Here’s the next instalment of the “Nuts and Bolts” series, in which I spell out some of the basic terms and concepts used in the various branches of philosophy and theology.
I’ve already written plenty of blog entries (and even a podcast series) on dualism, but a recent online conversation with a couple of Christian bloggers prompted me to write this, because it drove home the fact that plenty of Christians don’t know what the word means, to the point where they will even get into lengthy arguments about not being a dualist when they aren’t yet sure what a “dualist” even is (yes, this actually happened recently). In the interests of being part of the solution, I present: What is dualism?
The word dualism can be used in a number of different fields, as it just refers to two contrasting things or ideas. In philosophy of mind, however, it has a much more specific range of meanings, and that’s what I have in mind here. I am therefore describing what is often called “substance dualism.”
Dualism is without a doubt the most widely held philosophy of mind in Christianity.
By all odds the most influential mind-body theory in Western civilization has been mind-body dualism. Dualism was first developed as a philosophical theory by some of the Greek philosophers, notably Plato. It was adopted by most of the Christian thinkers of the first few centuries and subsequently came to share Christianity’s dominance of European civilization.
Hasker, Metaphysics: Constructing a Worldview, Contours of Christian Philosophy (Downers Grove: InterVarsity, 1983), 65.
Although plenty of differences exist between the overall theology/metaphysics of Plato and modern proponents of cartesian/platonic dualism, substance dualism is something that the two share. Whether or not dualism is really a biblical view, along with the question of whether or not the doctrine might have infiltrated post-biblical Christianity by way of the pagan and philosophical background of many of its converts is a matter of some contention, and I have no argument to make one way or the other about that in this post. The label “platonic” or “cartesian” applies because of the association of substance dualism with Plato as well as with Renee Descartes. The essential feature of substance dualism is, as the Stanford Encyclopedia of Philosophy puts it: “In the philosophy of mind, dualism is the theory that the mental and the physical — or mind and body or mind and brain — are, in some sense, radically different kinds of thing.” According to substance dualism, “the mind is not just a collection of thoughts, but is that which thinks, an immaterial substance over and above its immaterial states.”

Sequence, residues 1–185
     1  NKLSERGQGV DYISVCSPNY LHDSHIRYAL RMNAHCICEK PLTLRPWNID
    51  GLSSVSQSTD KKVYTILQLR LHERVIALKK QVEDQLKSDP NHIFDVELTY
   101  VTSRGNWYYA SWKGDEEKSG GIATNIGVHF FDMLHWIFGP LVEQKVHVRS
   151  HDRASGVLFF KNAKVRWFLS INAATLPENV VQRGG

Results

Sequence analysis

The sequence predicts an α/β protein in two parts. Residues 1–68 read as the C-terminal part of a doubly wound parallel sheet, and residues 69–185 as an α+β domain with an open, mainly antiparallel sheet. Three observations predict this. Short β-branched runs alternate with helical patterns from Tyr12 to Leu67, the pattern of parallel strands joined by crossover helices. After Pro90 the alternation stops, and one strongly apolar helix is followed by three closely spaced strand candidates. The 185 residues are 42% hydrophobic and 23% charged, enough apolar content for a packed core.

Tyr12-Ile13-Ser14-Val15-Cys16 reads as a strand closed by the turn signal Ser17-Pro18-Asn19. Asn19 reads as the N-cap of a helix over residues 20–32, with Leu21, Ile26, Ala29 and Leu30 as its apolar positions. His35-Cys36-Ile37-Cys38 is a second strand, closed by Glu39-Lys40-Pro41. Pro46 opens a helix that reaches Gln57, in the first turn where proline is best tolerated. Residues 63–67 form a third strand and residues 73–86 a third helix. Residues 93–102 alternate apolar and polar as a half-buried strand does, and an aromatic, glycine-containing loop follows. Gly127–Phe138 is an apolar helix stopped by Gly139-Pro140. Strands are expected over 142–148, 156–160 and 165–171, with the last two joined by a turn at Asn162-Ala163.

The crucial thing about the mind is that it is a concrete thing, but it is not physical at all: It is not extended in space (so-called “emergent dualism” is thus very different from substance dualism thus described, and I think it is not really dualism in any meaningful sense, being better described as “emergentism”). This raises a fairly interesting question of where the soul is, and what it is that associates the soul with any particular body (since it’s not clear that a non-physical thing can even be located in space), but I’m not interrogating dualism here, just describing it.